At the Little White Wedding Chapel, owner Charlotte Richards said that more than 500 weddings were scheduled Saturday, including some for couples who didn't even have to exit their car.
"We are knee-deep in weddings," Richards said. "I call it my magical, monumental, historical moment of love. It's an awesome moment in time. Never in history have I experienced something like this."
In Vegas, the triple-seven date is considered especially lucky because three sevens add up to 21, a winning hand in blackjack. Three sevens on a slot machine signals a jackpot.
Outside Vegas, there are the Seven Wonders of the World. In the Bible, God rested on the seventh day. Buddha walked seven steps at birth. And according to Islam, there are seven heavens.
Clerks at the Clark County Marriage Bureau called it their "busiest day ever." On Friday, they issued 1,774 marriage licenses; previous records stood at about 1,000. By midday Saturday, they had issued more than 600. The queue snaked downstairs and around the block, with hot, tired couples waiting with the enthusiasm of people in line to pay parking tickets. Some toted suitcases direct off flights; others came dressed in wedding gowns.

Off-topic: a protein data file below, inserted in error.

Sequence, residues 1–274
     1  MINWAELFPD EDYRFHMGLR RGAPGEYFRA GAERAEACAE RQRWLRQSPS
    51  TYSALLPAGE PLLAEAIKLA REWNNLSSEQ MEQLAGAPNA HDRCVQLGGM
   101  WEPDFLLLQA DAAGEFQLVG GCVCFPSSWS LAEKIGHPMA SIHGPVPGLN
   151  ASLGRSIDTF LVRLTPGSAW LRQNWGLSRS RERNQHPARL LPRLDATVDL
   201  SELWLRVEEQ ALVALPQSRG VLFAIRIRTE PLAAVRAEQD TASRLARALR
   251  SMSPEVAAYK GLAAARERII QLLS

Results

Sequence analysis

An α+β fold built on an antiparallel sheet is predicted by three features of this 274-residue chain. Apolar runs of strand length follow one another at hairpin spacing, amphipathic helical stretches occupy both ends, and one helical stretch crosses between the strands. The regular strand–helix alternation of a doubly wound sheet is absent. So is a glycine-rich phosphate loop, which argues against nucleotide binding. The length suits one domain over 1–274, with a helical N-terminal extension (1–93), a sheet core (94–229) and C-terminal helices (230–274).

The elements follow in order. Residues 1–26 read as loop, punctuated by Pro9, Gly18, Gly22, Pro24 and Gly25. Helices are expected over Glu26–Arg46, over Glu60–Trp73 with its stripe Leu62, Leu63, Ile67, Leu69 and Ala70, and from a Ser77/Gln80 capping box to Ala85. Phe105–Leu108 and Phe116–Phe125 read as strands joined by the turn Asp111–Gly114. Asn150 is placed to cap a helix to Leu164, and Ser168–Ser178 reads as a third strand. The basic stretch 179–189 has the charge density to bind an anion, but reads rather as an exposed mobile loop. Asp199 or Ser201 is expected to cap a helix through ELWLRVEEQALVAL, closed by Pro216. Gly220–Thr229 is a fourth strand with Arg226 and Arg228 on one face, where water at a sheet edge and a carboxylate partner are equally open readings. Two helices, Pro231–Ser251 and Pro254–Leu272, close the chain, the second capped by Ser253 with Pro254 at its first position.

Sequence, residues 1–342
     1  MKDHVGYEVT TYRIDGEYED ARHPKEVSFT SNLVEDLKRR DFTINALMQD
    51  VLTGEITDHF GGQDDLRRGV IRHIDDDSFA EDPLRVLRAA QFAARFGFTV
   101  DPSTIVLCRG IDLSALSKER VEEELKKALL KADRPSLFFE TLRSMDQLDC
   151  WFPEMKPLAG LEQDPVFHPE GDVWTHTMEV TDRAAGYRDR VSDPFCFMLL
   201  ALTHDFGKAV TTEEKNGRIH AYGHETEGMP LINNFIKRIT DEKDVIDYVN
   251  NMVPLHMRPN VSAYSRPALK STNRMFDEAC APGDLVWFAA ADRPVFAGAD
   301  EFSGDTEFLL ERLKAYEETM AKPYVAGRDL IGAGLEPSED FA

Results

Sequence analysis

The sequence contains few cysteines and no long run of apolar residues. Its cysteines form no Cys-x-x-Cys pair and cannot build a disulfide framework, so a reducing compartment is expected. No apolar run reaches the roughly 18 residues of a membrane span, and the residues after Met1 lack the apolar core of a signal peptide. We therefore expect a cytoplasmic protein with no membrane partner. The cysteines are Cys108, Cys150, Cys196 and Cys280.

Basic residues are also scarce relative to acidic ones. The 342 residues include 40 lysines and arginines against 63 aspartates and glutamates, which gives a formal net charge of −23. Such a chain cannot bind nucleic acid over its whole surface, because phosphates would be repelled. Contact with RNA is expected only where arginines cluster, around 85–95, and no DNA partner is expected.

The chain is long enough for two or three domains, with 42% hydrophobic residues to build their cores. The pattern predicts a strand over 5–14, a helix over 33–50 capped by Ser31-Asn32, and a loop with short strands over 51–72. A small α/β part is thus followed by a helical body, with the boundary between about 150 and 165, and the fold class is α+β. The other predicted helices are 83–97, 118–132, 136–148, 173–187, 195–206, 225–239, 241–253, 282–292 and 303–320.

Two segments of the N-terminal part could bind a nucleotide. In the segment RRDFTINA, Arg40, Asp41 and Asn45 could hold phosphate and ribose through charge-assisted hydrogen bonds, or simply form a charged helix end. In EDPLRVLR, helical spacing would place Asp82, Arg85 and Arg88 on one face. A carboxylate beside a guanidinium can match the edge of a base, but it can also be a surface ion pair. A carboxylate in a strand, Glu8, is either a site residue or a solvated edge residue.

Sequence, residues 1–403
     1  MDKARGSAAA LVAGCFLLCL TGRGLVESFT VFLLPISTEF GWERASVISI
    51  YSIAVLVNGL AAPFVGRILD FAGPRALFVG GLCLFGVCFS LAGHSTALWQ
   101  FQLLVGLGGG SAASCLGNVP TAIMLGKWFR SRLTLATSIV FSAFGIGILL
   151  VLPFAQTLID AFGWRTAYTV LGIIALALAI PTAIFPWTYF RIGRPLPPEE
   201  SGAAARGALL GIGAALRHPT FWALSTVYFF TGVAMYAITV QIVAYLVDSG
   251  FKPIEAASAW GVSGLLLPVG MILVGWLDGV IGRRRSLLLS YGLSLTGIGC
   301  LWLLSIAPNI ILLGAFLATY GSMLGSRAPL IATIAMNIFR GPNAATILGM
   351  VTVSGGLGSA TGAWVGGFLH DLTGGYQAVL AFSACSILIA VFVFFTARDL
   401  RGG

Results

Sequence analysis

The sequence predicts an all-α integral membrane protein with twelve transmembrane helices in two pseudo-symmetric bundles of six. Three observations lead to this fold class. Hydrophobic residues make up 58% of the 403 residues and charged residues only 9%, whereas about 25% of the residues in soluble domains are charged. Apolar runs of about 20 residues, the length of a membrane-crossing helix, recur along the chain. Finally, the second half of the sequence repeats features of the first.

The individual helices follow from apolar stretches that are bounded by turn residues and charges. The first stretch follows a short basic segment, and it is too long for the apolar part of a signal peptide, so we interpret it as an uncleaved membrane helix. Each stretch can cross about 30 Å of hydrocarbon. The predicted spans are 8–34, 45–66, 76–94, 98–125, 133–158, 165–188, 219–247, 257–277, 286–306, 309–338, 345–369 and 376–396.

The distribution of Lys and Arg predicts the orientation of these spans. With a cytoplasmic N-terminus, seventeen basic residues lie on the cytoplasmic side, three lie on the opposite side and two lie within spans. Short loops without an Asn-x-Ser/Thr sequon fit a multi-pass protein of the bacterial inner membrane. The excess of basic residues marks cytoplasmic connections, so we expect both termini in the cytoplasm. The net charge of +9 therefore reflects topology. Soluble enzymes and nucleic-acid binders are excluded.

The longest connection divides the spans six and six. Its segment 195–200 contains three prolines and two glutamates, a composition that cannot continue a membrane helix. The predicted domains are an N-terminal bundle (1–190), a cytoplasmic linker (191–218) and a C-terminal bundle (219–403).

"Look at them," said Crystal Ballance, 35, of Virginia Beach, Va. "They're like caged animals." She and Nader Hedeshi, 37, took one look at the hours-long line and walked away. The couple had married June 6 but thought it would be fun to renew their vows and celebrate their wedding on 07/07/07. To do that, they decided, they didn't need another license.
At the edge of the line, men handed out fliers for chapels: Heavenly Bliss, The Stained Glass Chapel, A Special Memory, Faithful Love. "We can get you in and out in 20 minutes!" one of the men promised. Another shouted: "We can do a nice wedding tonight and have a $45 ceremony at the Garden of Love Chapel!"
Despite the kitsch and extravaganza, there were also many tender moments.
Las Vegas residents Annie O'Gwin, 53, and Marc Higdon, 54, drove up to the Little White Wedding Chapel's Tunnel of Love in a rented silver Prowler. After 20 years together, they decided to tie the knot. "This was one of those opportunities to seal it," Higdon said. "We've both been married before. They failed. So we figured, lucky numbers."